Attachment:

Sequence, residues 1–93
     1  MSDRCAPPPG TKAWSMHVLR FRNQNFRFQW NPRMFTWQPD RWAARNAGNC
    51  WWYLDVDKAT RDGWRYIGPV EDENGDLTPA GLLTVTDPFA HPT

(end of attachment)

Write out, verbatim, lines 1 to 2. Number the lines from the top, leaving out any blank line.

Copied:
Sequence, residues 1–93
     1  MSDRCAPPPG TKAWSMHVLR FRNQNFRFQW NPRMFTWQPD RWAARNAGNC